Imagine my surprise, then, when the first person I spoke to turned out to be Atlipacta, the town weaponcrafter! She excitedly told me of her work and her craft, and was more than willing to show me her wares and offer them in trade for emeralds. She showed me the armor and shields she crafted, while Triolo examined the bows and arrows in her stock. It was her blades, however, that truly drew my eye, passing straight over her knives and instead negotiating for the purchase of her swords. I walked out of her shop a few emeralds lighter, but with four more obsidian swords weighing down our packs - enough to bring my total to eleven, ten for the Yolaru and one spare left over for Aiela to use.

Naturally, I promptly abandoned the city in order to beeline it straight to the Yolaru and give the swords to their chieftain. Hey, those things were heavy and I was in sore need of space in my inventory!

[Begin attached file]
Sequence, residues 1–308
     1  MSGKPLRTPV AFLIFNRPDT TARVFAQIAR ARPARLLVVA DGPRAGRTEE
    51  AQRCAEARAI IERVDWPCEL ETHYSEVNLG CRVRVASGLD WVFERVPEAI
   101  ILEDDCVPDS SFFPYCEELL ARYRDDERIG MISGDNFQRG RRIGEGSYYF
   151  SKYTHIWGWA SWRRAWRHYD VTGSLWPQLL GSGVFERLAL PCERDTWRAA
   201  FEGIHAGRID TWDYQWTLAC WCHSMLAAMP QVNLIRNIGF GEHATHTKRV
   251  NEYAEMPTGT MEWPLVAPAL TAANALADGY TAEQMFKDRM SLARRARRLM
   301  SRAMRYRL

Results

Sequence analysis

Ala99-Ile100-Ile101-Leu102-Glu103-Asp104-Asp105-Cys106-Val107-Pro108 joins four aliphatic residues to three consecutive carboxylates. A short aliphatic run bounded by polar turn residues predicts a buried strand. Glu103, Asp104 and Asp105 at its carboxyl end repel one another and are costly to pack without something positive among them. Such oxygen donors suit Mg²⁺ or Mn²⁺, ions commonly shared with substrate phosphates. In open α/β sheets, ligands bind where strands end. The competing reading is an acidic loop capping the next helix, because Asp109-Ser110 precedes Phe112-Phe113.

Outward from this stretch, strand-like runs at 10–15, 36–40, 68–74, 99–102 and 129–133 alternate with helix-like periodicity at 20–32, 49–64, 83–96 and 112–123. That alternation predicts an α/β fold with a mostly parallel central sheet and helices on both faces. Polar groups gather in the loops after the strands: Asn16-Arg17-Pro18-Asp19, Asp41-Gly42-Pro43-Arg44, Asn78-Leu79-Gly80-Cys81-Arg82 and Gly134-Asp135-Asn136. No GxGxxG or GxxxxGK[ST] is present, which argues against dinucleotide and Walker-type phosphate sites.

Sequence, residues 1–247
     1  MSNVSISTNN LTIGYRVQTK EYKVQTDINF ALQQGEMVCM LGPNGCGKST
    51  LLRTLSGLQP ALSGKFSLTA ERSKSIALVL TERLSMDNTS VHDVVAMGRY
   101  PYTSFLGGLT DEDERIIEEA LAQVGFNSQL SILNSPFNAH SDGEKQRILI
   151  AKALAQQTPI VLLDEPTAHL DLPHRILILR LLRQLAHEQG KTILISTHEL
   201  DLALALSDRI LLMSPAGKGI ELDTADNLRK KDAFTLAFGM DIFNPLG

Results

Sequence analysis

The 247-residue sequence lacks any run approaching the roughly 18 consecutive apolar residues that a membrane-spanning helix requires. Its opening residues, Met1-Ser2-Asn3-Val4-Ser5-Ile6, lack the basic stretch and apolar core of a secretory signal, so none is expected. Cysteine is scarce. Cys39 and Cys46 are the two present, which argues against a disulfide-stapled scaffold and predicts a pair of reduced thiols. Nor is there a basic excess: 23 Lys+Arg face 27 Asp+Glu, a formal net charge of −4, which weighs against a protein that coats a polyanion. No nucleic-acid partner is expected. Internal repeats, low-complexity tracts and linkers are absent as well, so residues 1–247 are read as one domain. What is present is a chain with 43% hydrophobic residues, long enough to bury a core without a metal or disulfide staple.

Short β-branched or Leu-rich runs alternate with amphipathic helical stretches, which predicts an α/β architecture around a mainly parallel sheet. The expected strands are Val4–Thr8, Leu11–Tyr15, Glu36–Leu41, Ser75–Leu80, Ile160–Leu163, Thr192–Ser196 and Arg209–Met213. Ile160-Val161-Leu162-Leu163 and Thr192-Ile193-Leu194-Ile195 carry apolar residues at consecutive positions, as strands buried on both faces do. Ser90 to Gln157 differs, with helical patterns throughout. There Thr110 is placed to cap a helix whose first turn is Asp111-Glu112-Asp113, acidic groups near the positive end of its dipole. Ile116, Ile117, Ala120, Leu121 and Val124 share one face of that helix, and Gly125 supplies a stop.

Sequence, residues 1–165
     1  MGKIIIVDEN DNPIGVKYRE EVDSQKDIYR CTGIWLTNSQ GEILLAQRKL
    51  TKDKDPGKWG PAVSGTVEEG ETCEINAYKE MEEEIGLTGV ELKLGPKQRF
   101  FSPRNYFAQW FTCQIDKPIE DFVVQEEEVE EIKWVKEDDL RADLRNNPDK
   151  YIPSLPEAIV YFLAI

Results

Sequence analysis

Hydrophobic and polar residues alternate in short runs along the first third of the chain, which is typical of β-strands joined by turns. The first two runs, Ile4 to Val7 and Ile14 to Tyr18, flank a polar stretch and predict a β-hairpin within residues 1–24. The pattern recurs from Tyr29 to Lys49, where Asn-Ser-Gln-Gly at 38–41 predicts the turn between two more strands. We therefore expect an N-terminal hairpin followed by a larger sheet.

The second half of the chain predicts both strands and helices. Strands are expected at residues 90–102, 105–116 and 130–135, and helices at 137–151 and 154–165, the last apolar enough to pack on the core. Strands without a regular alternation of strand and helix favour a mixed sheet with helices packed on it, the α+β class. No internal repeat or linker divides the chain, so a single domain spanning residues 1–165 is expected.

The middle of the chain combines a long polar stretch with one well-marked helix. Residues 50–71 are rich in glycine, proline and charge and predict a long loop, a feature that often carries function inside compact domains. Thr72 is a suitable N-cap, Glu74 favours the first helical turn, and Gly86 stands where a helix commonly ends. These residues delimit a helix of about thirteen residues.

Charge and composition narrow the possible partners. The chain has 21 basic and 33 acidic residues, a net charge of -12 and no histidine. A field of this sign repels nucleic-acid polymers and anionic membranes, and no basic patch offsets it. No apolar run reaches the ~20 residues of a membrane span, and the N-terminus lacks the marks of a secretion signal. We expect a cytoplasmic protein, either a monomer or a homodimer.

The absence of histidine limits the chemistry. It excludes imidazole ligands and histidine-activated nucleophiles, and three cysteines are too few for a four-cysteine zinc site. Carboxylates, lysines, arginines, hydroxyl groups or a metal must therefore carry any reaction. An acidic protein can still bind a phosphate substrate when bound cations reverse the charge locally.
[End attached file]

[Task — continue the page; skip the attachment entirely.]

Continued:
Well that's not suspicious at all.
Packs now significantly lighter, we made our way back to the city, only to stumble upon an allosaurus blocking the way. We made short work of him, Aiela acquitting herself well with her new weapon, then returned to our exploration of Tichticatl proper. We quickly came to realize that this was a city on edge - most of them men we came across decried us as intruders and made to attack. The women were considerably more open, but even they were uneasy. They were more than willing to point us to the weaver and the weaponmaker, should we have need of any of their services, but when it came to the state of things at court, they were decidedly unsettled. Many of them denied even knowing the name of Moctapotl, their proper king. Some further questioning uncovered the fact that Huitlapacti had claimed the throne for his own and decreed that nobody may utter the name of the previous one. The sense of fear in the city was palpable.